Now that you’re in that role, how are you going to uphold the ideals of tradition? Will you create an environment based on love or one steeped in fear? Though it may seem simplistic, those truly are your two choices.
For me, the answer was always a supportive, encouraging environment based on love. Sounds kind of soft, right? Once again, we sometimes confuse context (how we communicate) with content (the techniques that are taught). I believe that when trust is high and support is strong, you can get more out of a person’s performance with sincere encouragement than belittling or demeaning them. And while everyone is, of course, different, what would you prefer?...
I‘ve been operating a martial arts school full-time for 39 years. I think I may have made every mistake that can be made in this business. The reason I’m still in business, I believe, is because I asked for help. I learned quickly that others before me had already found solutions. In this reality-based column, I’ll point out key mistakes I made in my business career, which are common errors among school owners, both large and small, throughout our industry. Then I’ll share the solutions I applied to overcome them.
This is a time of year when we really need to be on our toes with our students if we don’t want to lose them to other activities. It is common for students to miss quite a few classes from late November to the end of December. Most people have other events that take up their time and steal them away from their martial arts classes. The holidays have a way of doing that.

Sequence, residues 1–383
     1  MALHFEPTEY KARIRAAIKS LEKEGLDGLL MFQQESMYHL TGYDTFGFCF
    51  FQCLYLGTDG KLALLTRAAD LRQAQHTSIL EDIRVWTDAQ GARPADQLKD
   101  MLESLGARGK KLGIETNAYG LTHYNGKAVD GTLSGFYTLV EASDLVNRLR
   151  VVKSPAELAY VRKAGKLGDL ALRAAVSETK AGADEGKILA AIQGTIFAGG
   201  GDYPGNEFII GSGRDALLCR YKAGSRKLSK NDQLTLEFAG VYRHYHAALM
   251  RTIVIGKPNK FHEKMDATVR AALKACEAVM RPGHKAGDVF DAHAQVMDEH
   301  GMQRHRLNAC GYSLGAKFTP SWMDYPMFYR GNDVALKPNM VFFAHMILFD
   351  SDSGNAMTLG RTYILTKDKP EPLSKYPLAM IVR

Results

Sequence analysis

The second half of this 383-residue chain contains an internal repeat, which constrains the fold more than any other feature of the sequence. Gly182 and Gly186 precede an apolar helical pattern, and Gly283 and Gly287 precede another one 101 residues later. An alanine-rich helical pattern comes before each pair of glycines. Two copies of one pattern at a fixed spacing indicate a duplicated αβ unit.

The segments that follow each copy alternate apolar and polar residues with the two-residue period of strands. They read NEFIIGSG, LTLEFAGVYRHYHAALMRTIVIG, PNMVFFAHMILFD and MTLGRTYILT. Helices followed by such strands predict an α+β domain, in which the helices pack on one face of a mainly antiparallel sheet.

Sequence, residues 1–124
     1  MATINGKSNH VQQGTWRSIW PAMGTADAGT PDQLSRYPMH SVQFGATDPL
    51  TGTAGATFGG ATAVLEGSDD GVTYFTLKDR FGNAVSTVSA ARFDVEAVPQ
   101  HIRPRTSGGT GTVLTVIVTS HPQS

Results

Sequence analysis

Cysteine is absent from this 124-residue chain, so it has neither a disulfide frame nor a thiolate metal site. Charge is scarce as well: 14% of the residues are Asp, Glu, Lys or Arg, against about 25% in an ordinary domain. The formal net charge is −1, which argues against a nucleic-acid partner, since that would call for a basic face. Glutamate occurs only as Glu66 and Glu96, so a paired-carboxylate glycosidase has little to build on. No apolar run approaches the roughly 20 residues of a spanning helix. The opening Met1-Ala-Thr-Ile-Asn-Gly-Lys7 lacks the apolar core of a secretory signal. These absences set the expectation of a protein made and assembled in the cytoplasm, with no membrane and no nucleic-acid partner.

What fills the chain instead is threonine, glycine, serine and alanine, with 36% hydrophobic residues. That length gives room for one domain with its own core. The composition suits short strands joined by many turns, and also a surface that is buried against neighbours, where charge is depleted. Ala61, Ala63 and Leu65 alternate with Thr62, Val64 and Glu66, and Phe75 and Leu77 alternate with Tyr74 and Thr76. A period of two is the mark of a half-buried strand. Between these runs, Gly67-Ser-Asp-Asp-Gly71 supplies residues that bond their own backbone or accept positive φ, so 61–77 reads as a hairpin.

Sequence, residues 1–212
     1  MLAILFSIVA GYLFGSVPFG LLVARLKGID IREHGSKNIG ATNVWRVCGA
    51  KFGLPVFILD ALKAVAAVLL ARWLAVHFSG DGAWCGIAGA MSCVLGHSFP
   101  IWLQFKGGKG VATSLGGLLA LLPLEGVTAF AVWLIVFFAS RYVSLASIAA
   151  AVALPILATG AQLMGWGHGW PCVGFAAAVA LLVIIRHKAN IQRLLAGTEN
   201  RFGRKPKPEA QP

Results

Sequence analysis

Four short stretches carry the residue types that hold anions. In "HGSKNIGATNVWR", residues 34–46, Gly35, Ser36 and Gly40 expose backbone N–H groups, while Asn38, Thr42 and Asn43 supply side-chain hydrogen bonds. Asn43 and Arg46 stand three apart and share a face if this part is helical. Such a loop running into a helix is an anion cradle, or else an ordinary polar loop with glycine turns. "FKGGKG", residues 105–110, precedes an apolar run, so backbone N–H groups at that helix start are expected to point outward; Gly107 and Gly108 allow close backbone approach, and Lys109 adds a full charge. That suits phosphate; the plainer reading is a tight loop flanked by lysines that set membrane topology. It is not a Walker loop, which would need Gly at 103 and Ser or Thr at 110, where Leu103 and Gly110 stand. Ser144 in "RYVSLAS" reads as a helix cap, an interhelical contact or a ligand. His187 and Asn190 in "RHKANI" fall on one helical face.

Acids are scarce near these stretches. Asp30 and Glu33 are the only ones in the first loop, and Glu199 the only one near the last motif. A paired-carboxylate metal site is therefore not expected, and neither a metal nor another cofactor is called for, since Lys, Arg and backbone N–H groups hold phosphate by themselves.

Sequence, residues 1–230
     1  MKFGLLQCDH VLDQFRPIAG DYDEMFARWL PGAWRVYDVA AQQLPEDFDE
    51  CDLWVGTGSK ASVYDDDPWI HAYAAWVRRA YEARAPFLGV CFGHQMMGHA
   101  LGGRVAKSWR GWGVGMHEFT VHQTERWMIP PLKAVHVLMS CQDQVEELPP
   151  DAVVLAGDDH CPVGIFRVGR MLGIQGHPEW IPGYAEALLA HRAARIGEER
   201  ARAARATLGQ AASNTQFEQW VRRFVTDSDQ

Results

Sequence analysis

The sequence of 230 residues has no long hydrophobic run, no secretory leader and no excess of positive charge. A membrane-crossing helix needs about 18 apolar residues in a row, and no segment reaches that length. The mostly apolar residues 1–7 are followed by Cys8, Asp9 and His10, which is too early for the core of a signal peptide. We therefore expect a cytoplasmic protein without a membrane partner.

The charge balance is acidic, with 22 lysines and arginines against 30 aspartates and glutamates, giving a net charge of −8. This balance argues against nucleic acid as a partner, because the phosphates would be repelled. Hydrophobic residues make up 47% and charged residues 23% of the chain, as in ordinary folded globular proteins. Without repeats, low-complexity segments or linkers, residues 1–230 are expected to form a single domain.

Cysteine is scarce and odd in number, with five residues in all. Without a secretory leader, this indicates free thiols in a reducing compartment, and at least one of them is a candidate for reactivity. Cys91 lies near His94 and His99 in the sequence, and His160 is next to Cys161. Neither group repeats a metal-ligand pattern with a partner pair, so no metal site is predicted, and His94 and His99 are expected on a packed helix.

So, it is our job to make them want to come to class and,...
As a school owner or instructor, you’re considered a community leader. Whether or not you think about it, owning a business helps your local community. You’re teaching children, teens and adults, and possibly employing others. You are a leader. People look up to you. Kids especially will notice how you treat others, when you give back, and how you help those in need.
The holidays tend to be when everyone starts planning ways they can give back. But really, it’s something we should focus on year-round. I encourage you to review your 2019 calendar and start planning what community activities you could get involved with throughout the year. Find things you can get your students thoroughly involved in, too.
Participating in community events is not just a good way to teach your students about helping others, but it’s also an excellent way to get your name out there in public. You can create positive buzz about your school. If you’re consistent...